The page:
Show director Susan Stroman (who also choreographed) has a tough time here, depending on wide shots for too much (like the neurotic Leo needs his blue blankie). The oversaturated color, which makes the whole production look like a 1950's MGM musical, is a nice touch, and the stunt casting of Will Ferrell as Franz Liebkind, the (not a) Nazi writer of Max's and Leo's Teutonic tanker, and Uma Thurman as Ulla, their giant Swedish secretary, was smart. However, in the same way that Chris Columbus stumbled with his movie version of Rent, Stroman does not venture much past her few sets.

Still, the set and the choreography for the opening number from Springtime For Hitler are suitably grand. The songs range from dull (like the Leo/Ulla ballad That Face) to sassy (Roger's Keep It Gay) to brilliant (Opening Night). Broderick's voice is pretty weak, but Lane's ham-tastic bravado almost makes us forget that Zero Mostel played the role better without mugging and singing like Jolson. Beach is spot-on, especially when he dons the brownshirt and jackboots as Der Führer. Roger Bart, who up until this season played psycho pharmacist George Williams on Desperate Housewives, is a hoot as DeBris's catty Guy Friday, Carmen Ghia.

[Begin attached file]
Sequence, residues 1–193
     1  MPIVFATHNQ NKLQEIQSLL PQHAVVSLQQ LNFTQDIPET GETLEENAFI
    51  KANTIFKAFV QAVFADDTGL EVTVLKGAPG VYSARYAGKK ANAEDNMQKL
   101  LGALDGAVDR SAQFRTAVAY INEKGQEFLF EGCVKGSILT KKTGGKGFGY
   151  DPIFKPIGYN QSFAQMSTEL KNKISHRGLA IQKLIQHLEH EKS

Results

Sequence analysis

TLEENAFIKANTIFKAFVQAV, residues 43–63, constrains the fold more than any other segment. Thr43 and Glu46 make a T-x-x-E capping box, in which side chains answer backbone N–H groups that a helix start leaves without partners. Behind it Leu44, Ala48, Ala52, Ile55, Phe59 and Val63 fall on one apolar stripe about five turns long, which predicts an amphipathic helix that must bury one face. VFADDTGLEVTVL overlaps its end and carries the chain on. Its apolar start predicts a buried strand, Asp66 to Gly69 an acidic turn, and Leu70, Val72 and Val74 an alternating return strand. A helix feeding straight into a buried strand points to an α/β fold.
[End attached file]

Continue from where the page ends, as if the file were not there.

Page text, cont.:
The whole thing runs a couple numbers too long, and Brooks and co-writer Thomas Meehan could have punched up the gags more, but for a copy of a copy, an $100 show vs. a $15 DVD (and cheaper for the original) is still a good deal.

The Ringer - The premise of The FarrellyBrothers' latest envelope-pushing comedy almost automatically prompts cries of bad taste: "Johnny Knoxville plays a guy who pretends to be mentally challenged so that he can compete in and fix the Special Olympics." However, The Farrellys, longtime champions of the short-shrifted in movies like There's Something About Mary and Shallow Hal, again maintain that the ones with the handicap are the people who would so quickly and callously dismiss someone based on a mathematical misfortune. Officially, audiences have permission to laugh while exploring their prejudices, as the Special Olympics was involved during most of the movie's production. It is for this reason, though, that some of the movie's bite is dulled a bit. It is still comfortable, respectful and sweet, and considering that the movie had the potential to be an all-out affront akin to a Wayans Brothers travesty -- and considering the bonus points it earns for being original in a world of adaptations, sequels and remakes -- it will do.